• Lactobacillus acidophilus (histamine neutral) 
  • Lactobacillus rhamnosus (low histamine)
  • Lactobacillus paracasei (low histamine)
  • Lactobacillus plantarum (low histamine)
  • Lactobacillus salivarius (low histamine)
  • Bifidobacterium lactis (low histamine)
  • Bifidobacterium bifidum (low histamine)
  • Bifidobacterium breve (low histamine)
  • Bifidobacterium infantis (low histamine)
  • Bifidobacterium longum (low histamine)

Note that this probiotic supplement contains the following high-histamine strains:

  • Lactobacillus brevis
  • Lactobacillus casei
  • Lactobacillus bulgaricus

The good news is that it’s certified to be free from potential allergens like:

  • Dairy
  • Soy
  • Gluten

5. Essential-Biotic COMPLETE High-Potency Broad-Spectrum Probiotic

Essential-Biotic COMPLETE High-Potency Broad-Spectrum Probiotic (50 billion CFUs) contains the following strains:

  • Lactobacillus plantarum UALp-05 (low histamine)
  • Lactobacillus acidophilus DDS-1 (histamine neutral) 
  • Bifidobacterium lactis UABla-12 (low histamine)
  • Lactobacillus paracasei UALpc-04 (low histamine)
  • Lactobacillus rhamnosus UALr-18 (low histamine)
  • Bifidobacterium breve UABbr-11 (low histamine)
  • Lactobacillus salivarius UALs-07 (low histamine)
  • Bifidobacterium bifidum UABb-10 (low histamine)
  • Bifidobacterium longum UABl-14 (low histamine)

Still, it contains these three strains:

  • Lactobacillus casei UALc-03 (high histamine)
  • Streptococcus thermophilus UASt-09 (high histamine)
  • Lactococcus lactis UALl-08 (unsure)

This is also a hypoallergenic probiotic supplement that’s free from dairy and gluten.


Can Probiotics Cause Rash In Babies?

Although a very serious allergic reaction to probiotics is rare, it’s still possible that it can cause a rash in some babies.

If your baby develops a rash, itching or swelling, and trouble breathing, be sure to rush them to the hospital or call emergency services. These can be signs of a serious allergy attack.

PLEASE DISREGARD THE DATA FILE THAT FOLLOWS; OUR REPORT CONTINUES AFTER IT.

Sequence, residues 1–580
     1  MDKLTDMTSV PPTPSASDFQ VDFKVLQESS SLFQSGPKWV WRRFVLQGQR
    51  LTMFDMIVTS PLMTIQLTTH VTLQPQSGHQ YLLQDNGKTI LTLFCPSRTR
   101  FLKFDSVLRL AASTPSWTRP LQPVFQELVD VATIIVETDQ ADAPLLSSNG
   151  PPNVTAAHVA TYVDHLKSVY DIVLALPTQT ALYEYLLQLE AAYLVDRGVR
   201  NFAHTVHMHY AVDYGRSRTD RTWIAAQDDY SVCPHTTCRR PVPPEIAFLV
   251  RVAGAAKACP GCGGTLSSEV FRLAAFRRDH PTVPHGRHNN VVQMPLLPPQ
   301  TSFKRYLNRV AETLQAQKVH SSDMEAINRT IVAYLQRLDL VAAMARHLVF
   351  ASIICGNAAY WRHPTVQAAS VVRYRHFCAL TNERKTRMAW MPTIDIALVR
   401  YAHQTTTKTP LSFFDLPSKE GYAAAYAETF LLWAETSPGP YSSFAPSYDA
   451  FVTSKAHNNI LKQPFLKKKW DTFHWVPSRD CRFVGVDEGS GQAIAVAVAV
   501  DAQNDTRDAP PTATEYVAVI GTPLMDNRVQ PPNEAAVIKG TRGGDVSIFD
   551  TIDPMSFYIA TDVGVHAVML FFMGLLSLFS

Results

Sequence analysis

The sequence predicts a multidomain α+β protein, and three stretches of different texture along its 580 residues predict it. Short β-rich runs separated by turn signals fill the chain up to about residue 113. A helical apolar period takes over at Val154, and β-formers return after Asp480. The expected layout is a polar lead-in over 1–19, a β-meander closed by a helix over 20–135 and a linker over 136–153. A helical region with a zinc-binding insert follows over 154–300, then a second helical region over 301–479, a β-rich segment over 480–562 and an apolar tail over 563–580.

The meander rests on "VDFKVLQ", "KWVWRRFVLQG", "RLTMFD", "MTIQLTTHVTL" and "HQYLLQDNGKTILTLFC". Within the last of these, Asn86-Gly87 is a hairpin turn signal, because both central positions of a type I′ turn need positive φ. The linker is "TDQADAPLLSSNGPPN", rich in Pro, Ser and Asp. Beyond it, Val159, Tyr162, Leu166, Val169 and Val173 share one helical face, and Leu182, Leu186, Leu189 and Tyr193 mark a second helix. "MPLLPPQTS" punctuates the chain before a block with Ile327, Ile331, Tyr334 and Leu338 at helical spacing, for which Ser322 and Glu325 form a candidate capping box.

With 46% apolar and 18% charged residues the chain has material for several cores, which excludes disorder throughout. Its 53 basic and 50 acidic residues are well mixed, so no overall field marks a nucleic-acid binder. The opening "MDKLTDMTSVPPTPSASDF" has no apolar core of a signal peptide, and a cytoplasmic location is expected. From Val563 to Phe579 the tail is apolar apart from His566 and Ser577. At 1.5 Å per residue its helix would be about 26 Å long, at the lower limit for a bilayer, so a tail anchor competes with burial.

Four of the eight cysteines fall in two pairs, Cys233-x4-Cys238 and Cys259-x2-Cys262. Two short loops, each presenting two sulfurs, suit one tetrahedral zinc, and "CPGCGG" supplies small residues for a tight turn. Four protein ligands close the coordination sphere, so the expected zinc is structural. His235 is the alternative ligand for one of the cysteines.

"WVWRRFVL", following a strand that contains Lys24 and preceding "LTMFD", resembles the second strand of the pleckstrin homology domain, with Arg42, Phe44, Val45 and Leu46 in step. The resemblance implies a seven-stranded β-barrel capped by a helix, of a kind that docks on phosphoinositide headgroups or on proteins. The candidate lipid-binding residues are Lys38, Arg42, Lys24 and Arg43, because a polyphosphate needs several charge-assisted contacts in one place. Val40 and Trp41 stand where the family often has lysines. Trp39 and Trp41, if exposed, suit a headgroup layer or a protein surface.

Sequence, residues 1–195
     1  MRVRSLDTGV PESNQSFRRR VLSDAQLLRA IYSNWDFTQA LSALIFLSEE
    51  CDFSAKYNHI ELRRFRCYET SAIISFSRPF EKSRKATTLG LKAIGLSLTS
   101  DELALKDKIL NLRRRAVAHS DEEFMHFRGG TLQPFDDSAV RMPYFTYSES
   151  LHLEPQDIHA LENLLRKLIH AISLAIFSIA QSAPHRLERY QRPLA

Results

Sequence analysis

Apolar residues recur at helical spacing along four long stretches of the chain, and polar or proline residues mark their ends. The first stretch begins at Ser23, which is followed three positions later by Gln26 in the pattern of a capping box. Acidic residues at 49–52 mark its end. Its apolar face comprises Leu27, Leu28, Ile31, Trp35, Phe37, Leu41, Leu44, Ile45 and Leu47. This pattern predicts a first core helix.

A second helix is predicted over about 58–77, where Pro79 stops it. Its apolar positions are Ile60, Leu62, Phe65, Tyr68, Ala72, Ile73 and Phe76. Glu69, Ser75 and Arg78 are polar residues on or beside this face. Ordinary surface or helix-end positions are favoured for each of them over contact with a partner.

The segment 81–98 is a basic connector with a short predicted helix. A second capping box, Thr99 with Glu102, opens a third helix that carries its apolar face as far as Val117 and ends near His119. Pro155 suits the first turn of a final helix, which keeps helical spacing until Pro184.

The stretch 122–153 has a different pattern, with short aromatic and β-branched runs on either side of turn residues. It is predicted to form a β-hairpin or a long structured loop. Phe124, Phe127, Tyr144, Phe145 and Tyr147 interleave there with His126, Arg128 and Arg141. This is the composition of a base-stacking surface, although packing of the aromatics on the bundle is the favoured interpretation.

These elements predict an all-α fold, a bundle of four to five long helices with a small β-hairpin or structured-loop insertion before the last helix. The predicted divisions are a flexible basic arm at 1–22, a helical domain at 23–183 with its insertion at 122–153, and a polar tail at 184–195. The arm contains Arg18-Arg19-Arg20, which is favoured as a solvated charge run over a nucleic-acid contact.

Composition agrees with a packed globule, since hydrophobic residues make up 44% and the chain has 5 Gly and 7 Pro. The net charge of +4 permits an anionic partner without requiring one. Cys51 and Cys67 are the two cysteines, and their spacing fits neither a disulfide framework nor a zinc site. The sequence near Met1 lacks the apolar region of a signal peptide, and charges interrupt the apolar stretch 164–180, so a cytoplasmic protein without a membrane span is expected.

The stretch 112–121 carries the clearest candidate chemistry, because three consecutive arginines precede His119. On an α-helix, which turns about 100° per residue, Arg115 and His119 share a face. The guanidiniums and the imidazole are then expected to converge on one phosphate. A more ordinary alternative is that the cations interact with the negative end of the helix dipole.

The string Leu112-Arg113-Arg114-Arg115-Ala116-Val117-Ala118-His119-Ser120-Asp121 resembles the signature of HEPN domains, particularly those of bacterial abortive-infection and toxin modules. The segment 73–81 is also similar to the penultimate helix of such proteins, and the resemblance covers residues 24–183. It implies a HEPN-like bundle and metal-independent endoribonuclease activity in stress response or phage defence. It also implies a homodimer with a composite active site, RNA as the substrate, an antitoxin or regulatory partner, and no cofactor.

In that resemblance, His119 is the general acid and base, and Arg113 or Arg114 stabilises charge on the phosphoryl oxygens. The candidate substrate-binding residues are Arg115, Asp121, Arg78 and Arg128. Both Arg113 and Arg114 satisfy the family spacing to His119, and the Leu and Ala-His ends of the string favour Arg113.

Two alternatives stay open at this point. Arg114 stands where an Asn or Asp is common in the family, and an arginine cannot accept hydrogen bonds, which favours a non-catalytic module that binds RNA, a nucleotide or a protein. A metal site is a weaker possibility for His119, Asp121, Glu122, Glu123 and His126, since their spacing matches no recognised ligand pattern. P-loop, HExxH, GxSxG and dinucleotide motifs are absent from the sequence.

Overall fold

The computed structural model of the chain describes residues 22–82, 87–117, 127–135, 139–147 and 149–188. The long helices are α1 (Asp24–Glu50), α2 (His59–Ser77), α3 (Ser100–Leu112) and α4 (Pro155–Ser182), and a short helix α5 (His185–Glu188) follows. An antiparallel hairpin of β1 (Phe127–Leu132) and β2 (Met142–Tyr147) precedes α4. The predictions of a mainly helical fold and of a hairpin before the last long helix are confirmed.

How Long Does It Take For Probiotics To Work For Skin?

Another 2015 review of different studies using probiotics showed that patients could experience significant improvement from acne and other skin conditions after 4 weeks. Continued improvement was seen as the test subjects completed the 12-week treatment course.

A separate study mentioned in this review showed as much as 50% improvement of acne symptoms after 8 weeks of using Enterococcus fecalis lotion.

Marked improvement from UV-induced photodamage was also seen in study subjects taking Lactobacillus johnsonii for 10 weeks, as shown in the same review.

Do Probiotics Cause Diaper Rash?

No. On the contrary, studies show that probiotics can help alleviate the symptoms of diaper rash.

Researchers in a 2019 study found that skin probiotics (Staphylococcus epidermidis), as well as intestinal probiotic bacteria (Bifidobacterium Longum, Lactobacillus ruminis, and Clostridium butyricum), were significantly lower in babies with diaper rash than healthy infants.

They believe that increasing these probiotic levels through supplementation could help restore the microbiota balance and treat diaper rash.

Can Probiotics Cause an Itchy Scalp?

The scalp is similar to the skin, so probiotics could also have similar effects. 

While there’s limited research using probiotics and their effect on hair, a 2013 study showed that probiotic yogurt and Lactobacillus reuteri might induce a “glow of health” and improve your scalp as well as hair health.

Can Probiotics Cause Genital Itching?

When present in the right quantities, probiotics check the balance of the good and bad microorganisms in your normal flora. However, low or high quantities of probiotics, especially Lactobacillus, can lead to genital itching.

Low levels of Lactobacillus can lead to Candida overgrowth or yeast infection. That can cause genital itching. 

The good news is that probiotic intake can increase the Lactobacillus levels to help treat and prevent the recurrence of yeast infections, as shown in the 2020 clinical trial and K Health mentioned above.

Still, be careful with taking probiotics because too much Lactobacillus can also cause genital itching, called cytolytic vaginosis also explained above.

Although it isn’t an infection, it can still be uncomfortable and painful.

Wrap up

So if you’re experiencing an itchy rash after taking probiotics, it could be that the strain of probiotics you’re taking is producing histamine.

Not all probiotic strains are created equal – some can actually produce histamine, which can trigger a range of unpleasant symptoms. So if you’re noticing any unusual reactions after starting a probiotic supplement, talk to your doctor about other options that might work better for you.

In conclusion, probiotics can be a powerful tool for improving your health, but it’s important to approach them with caution and knowledge.

As someone who has experienced the benefits and risks firsthand, I can attest to the importance of finding the right strains and dosages for your body. By doing your research, consulting with a healthcare professional, and listening to your body, you can harness the power of probiotics to boost your immune system, improve your gut health, and potentially even treat skin conditions